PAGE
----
She also said that all private schools would have to apply for a grant from the fund and that ultimately, the decision on which schools get funding would lie with the Early Childhood Commission.

MARE has a couple of other objections to the IP as well, shared by the Missouri Petroleum Marketers & Convenience Store Association (MPCA). They say the petition would bring education into unnecessary conversation about abortion, stem cell research and other hot button issues.

“RYH4K is opposed by many pro-lifers as a portion of the funds can go to ’emergency services’ for pregnant women, which may include abortions, something pro-life advocates have opposed placing in the constitution for decades,” the MPCA writes.

“Missouri Cures opposes the proposal saying it contains ‘harmful language’ that [restricts] stem cell research and carving out a constitutional exception to what was passed in the 2006 Missouri Stem Cell Research and Cures Amendment,” they continue.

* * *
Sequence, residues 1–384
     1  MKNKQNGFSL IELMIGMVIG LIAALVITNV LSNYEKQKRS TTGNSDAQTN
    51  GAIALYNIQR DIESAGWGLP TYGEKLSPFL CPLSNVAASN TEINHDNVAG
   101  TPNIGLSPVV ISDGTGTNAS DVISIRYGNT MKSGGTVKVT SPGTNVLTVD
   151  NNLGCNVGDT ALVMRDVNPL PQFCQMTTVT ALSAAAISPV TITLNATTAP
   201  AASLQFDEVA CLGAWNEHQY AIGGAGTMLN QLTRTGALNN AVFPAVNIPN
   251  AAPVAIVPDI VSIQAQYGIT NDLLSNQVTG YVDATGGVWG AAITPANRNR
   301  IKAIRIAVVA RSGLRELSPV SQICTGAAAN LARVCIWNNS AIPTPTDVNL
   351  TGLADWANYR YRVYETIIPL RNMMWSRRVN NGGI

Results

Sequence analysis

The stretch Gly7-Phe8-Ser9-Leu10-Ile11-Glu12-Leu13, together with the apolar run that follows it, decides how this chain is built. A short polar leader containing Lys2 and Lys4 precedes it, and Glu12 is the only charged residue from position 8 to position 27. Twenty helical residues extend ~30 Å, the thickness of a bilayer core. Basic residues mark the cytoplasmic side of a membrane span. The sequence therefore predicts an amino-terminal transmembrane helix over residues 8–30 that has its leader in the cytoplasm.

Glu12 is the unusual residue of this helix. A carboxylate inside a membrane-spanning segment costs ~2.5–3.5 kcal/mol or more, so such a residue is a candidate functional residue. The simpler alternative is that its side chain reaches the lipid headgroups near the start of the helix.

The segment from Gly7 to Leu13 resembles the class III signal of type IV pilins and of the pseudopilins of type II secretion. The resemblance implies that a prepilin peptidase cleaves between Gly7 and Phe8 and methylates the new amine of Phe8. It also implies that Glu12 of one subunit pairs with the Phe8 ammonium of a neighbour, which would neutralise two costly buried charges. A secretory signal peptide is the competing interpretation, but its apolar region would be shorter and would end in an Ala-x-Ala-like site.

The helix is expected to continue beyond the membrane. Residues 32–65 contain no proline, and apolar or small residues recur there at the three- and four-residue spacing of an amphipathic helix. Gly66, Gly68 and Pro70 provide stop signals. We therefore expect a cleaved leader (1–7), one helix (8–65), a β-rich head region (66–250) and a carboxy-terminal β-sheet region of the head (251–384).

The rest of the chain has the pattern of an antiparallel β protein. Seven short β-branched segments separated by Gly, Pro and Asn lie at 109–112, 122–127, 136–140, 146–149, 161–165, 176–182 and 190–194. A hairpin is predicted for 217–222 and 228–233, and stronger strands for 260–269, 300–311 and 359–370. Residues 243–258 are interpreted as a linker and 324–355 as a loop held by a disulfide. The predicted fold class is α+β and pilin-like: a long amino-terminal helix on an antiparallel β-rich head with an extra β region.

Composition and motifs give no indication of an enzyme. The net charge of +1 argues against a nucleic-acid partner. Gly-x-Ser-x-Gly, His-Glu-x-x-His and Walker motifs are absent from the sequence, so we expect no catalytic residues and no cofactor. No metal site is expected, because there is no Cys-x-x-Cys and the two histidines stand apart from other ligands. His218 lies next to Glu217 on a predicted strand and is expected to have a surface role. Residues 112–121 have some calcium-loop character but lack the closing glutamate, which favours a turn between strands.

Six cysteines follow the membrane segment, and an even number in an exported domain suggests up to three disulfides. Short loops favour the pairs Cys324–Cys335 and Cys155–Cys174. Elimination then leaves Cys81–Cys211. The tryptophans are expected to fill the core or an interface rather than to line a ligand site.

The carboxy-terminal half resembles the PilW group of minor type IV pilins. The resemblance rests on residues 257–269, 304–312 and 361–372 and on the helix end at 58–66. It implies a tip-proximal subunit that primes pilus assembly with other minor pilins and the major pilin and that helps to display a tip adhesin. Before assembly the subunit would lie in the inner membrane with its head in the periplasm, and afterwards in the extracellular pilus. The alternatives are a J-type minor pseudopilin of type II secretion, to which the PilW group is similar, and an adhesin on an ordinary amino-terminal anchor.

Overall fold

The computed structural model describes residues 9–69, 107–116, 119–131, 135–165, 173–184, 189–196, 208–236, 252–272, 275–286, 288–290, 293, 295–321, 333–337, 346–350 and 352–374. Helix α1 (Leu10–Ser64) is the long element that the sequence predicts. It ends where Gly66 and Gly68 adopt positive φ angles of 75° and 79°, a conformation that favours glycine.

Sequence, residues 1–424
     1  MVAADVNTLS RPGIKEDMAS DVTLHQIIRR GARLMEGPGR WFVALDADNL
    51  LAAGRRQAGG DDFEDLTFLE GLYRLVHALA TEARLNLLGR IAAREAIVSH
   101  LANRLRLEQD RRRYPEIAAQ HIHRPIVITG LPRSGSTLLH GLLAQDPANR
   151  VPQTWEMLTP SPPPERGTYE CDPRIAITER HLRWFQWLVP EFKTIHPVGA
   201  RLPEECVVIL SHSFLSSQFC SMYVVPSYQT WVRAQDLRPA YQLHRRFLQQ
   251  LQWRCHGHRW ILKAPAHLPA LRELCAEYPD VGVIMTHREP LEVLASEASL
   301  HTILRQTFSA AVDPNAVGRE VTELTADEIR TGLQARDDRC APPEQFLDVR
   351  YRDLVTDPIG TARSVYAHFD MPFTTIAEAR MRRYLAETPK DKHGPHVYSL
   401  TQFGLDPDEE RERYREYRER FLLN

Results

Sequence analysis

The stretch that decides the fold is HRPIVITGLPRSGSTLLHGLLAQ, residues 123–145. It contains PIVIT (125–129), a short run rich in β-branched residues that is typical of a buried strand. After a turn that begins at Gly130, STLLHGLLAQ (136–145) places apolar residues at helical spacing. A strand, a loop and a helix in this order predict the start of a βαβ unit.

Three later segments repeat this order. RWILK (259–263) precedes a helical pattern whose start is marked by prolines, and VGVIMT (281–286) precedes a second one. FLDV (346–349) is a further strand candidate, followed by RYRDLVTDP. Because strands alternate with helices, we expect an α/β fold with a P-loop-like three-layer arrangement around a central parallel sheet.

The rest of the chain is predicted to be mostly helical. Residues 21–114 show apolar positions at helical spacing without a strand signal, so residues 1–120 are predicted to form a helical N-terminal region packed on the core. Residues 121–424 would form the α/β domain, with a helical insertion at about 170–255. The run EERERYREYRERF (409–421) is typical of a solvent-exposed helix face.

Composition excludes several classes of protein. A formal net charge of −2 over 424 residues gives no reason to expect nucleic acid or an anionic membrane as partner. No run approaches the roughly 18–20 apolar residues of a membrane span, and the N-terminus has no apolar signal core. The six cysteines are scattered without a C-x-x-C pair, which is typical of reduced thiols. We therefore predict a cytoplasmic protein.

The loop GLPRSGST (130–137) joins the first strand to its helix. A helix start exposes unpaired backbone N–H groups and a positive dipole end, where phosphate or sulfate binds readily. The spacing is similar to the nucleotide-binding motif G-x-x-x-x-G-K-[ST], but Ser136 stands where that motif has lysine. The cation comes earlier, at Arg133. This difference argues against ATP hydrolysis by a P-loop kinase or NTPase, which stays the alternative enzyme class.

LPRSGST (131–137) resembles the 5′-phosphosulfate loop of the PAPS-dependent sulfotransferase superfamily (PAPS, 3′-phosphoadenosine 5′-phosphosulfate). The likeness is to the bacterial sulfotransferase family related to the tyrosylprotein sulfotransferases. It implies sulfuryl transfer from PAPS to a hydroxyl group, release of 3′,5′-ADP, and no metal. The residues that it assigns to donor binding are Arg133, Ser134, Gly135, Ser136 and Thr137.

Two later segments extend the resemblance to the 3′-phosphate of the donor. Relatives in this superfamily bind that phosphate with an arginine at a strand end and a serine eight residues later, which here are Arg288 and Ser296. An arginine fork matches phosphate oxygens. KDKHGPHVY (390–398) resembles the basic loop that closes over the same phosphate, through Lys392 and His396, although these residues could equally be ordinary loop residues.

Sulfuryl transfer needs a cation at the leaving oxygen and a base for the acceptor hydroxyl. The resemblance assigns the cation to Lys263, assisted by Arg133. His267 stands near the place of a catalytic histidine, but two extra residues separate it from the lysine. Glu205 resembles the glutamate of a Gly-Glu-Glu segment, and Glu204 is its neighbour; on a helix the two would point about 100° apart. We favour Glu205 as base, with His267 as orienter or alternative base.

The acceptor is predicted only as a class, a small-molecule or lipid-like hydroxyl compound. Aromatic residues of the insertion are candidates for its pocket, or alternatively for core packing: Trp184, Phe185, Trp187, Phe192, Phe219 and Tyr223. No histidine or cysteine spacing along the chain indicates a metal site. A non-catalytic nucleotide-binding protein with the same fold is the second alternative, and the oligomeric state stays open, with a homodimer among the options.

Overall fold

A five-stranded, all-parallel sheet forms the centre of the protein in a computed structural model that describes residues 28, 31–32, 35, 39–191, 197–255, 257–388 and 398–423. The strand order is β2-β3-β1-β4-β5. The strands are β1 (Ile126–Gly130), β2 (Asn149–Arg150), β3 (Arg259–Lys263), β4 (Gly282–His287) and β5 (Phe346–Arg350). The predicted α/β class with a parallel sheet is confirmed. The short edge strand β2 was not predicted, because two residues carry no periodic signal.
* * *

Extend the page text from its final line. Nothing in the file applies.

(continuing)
But RYH4K says the language is written the way it is to ensure that all of the funds go only to early childhood health and education and is not taken by other groups looking for money.

“We’re not doing anything that hasn’t been done in the past, we’re just making it very clear that the money that goes into the early childhood health and education trust fund can only be used on programs for children and for pregnant moms in need,” Rallo said. “You just have to be very clear because people will try to come and take the money for other purposes. There’s nothing devious, we’re just making it very clear how this money will be used.”